Students warned against self-prescribing: you're not doctors yet
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As we head into another essay season, filled with deadlines and stressful nights, library sessions and head banging (both figuratively and, at times, literally), we can all feel overwhelmed.
For some people, this stress is more debilitating, leading to a continuous state of anxiety, panic attacks, lack of sleep, loss of appetite and difficulty concentrating.
In a world where we are taught that we must succeed and that every step of our education will impact how we do in the job market, students sometimes choose not to go to a doctor when they need help. Afraid of being labelled with anxiety or depression, and thus the stigmas that go with them, they sometimes choose to handle the situation on their own. While not the wisest choice, it is certainly understandable, as there is such pressure to succeed now, especially for those with massive student debts that they will soon need to pay. As such the idea of admitting your issue in a job application, as requested, is daunting, as statistics often show employers are hesitant to hire those with mental illness.
Mental illness is not something you can ignore, and problems relating to these issues will continue to arise for those who suffer from them. This has led to a significant increase in online purchasing of prescription medication. Unfortunately, as with any flourishing market space, there are those who will take advantage. Indeed, as of now, over half the medications sold online are
Thankfully, a new campaign run by the MHRA (Medicines and Healthcare products Regulatory Agency) is highlighting these dangers, in the hopes of warning consumers away from such purchases.
The MHRA is running the #FakeMeds campaign to help students protect their health and money, with tips on how to avoid potentially dangerous or useless medicines sold by illegal online suppliers.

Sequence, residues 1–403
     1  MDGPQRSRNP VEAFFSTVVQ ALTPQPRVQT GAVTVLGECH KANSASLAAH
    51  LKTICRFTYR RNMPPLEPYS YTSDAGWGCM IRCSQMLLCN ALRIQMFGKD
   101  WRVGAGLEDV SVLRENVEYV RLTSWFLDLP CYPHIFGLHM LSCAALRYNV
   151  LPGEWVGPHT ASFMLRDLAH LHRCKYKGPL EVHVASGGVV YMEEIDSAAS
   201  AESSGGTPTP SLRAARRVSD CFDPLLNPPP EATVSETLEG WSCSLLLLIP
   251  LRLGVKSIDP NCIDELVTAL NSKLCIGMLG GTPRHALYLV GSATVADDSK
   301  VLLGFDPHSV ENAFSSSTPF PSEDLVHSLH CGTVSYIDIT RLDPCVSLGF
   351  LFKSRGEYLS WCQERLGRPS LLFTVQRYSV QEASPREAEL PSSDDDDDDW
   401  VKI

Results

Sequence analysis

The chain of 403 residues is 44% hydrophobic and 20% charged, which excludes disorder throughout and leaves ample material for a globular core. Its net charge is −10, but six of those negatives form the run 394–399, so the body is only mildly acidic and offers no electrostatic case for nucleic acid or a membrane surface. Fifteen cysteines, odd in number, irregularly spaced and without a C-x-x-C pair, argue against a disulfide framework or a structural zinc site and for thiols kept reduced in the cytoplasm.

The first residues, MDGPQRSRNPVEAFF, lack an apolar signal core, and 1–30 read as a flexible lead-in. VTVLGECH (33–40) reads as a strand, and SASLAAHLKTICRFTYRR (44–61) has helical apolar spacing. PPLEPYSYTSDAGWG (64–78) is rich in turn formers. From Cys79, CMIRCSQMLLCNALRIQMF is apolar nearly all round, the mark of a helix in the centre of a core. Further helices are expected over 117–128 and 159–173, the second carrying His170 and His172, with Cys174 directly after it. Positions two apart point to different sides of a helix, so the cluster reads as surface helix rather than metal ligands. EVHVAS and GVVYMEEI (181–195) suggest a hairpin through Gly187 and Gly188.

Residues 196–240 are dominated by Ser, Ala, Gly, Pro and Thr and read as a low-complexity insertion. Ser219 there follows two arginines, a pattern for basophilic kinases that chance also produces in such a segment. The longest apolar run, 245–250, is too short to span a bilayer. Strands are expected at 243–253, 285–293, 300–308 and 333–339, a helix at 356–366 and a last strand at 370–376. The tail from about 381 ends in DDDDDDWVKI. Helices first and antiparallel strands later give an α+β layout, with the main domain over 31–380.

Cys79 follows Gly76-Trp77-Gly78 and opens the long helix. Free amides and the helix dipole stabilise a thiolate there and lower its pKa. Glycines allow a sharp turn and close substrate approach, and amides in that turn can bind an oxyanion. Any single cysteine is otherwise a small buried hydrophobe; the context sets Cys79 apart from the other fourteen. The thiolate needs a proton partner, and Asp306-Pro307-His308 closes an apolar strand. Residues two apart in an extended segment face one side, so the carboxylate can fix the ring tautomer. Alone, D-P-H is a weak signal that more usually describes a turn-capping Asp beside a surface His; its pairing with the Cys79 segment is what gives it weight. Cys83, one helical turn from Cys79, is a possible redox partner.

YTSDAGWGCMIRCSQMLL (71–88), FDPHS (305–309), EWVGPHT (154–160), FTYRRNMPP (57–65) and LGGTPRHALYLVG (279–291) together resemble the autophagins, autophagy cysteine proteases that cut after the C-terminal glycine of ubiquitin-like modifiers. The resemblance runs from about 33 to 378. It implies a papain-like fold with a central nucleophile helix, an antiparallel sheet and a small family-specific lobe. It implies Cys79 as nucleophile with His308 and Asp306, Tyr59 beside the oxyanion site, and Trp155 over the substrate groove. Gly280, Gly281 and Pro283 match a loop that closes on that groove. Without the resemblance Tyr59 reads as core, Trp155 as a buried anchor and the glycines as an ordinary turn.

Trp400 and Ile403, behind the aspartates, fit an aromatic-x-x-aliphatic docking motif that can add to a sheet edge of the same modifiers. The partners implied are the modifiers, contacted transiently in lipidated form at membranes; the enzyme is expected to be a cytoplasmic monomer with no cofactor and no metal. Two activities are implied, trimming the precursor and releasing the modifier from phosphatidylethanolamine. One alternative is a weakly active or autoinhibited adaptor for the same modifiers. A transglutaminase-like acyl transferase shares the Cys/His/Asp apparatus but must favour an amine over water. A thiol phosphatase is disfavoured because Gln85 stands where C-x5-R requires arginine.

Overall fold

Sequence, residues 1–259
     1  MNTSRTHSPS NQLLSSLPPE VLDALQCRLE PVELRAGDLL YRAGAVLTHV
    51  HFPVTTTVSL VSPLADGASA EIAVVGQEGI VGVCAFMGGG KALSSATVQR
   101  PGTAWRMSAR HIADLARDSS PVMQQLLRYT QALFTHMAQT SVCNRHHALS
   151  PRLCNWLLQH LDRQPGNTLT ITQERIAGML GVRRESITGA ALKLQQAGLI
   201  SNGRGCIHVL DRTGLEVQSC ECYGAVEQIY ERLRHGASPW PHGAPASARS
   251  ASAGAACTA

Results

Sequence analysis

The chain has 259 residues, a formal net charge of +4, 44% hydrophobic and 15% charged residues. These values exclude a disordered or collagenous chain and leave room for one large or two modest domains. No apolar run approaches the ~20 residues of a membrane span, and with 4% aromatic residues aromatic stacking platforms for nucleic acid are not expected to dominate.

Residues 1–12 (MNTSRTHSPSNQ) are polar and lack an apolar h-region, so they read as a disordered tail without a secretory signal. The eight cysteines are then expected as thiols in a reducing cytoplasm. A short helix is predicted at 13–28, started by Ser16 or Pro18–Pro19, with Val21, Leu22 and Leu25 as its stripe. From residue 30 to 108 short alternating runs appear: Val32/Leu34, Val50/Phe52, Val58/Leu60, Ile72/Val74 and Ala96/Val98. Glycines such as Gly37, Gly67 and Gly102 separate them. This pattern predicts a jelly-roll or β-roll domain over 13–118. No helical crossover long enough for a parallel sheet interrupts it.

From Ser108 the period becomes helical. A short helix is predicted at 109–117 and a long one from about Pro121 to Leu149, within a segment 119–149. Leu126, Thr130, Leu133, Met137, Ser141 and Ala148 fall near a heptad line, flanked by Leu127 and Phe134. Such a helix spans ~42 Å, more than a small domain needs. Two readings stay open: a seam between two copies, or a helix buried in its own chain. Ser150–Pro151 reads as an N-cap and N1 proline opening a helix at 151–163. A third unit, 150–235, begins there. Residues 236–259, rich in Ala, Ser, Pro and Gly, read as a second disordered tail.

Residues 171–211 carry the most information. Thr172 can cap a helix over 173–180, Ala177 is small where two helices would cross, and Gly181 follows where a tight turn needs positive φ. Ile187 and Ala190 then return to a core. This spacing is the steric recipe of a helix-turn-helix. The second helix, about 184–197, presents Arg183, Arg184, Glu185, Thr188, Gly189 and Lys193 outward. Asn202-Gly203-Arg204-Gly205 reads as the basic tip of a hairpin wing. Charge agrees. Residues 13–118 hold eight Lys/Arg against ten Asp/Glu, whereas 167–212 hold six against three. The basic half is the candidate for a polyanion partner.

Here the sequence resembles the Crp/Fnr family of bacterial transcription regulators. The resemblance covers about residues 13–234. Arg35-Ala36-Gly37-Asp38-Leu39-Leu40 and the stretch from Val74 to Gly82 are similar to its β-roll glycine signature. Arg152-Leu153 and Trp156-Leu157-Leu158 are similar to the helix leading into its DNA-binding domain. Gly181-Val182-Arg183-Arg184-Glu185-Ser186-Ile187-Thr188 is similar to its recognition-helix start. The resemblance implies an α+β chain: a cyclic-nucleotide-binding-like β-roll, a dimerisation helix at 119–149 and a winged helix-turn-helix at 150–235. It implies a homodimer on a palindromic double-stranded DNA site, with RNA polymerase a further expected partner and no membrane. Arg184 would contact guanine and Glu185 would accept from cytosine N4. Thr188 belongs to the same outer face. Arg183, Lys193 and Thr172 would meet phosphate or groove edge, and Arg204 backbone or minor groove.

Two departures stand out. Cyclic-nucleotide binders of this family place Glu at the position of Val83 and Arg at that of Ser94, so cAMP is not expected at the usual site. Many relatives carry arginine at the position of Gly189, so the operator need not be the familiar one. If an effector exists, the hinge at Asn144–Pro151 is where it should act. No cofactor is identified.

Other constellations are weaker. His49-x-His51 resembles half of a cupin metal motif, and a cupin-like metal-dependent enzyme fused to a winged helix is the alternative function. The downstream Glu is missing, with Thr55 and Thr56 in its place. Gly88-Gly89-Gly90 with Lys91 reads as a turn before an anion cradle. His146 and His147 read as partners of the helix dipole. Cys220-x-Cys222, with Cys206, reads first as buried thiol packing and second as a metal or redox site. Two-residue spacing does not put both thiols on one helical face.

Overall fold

According to the MHRA Head of Enforcement, Alastair Jeffrey, “Purchasing medicines outside the regulated supply chain has inherent dangers as there is no assurance of quality and standards. Medicines purchased in this way could have the wrong active ingredient, no active ingredient, or indeed the incorrect dosage.
“Self-diagnosis and self-medication can be dangerous. If you have a concern about your health, visit your GP, get a correct diagnosis and if medicines are prescribed, buy them from a legitimate source.”
But have no fear, as the MHRA have come up with a list of ways to protect yourself.
These simple steps can be found below:
1. Look for the distance-selling logo
All online retailers of medicines, operating legally in the EU, must display it. The most reliable way to ensure you are buying products from a registered and approved online seller of medicines is to click here to check the approved list.
2. Look for the CE mark on medical devices
A manufacturer displaying a CE mark on their medical device is saying their product complies with the essential regulatory requirements, designed to make sure products work as they’re supposed to and are acceptably safe.
3. “Natural” does not mean safe
Products that claim to be ‘herbal’ or ‘all-natural’ can actually contain chemical ingredients. In fact, thousands of slimming products are seized each year which claim to be
When in doubt, check any medicine for a Product Licence (PL) number or Traditional Herbal Registration (THR) number to make sure it is safe.